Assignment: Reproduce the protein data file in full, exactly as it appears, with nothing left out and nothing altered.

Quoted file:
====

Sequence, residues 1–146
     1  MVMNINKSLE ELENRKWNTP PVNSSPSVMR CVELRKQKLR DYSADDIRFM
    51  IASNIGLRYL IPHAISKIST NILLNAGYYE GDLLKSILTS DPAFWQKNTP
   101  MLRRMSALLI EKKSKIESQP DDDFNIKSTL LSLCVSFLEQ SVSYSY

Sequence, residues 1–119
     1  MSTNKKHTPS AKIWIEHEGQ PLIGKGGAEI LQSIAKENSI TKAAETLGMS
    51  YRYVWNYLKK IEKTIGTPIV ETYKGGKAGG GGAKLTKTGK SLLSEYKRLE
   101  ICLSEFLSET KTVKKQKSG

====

Sequence, residues 1–146
     1  MVMNINKSLE ELENRKWNTP PVNSSPSVMR CVELRKQKLR DYSADDIRFM
    51  IASNIGLRYL IPHAISKIST NILLNAGYYE GDLLKSILTS DPAFWQKNTP
   101  MLRRMSALLI EKKSKIESQP DDDFNIKSTL LSLCVSFLEQ SVSYSY

Sequence, residues 1–119
     1  MSTNKKHTPS AKIWIEHEGQ PLIGKGGAEI LQSIAKENSI TKAAETLGMS
    51  YRYVWNYLKK IEKTIGTPIV ETYKGGKAGG GGAKLTKTGK SLLSEYKRLE
   101  ICLSEFLSET KTVKKQKSG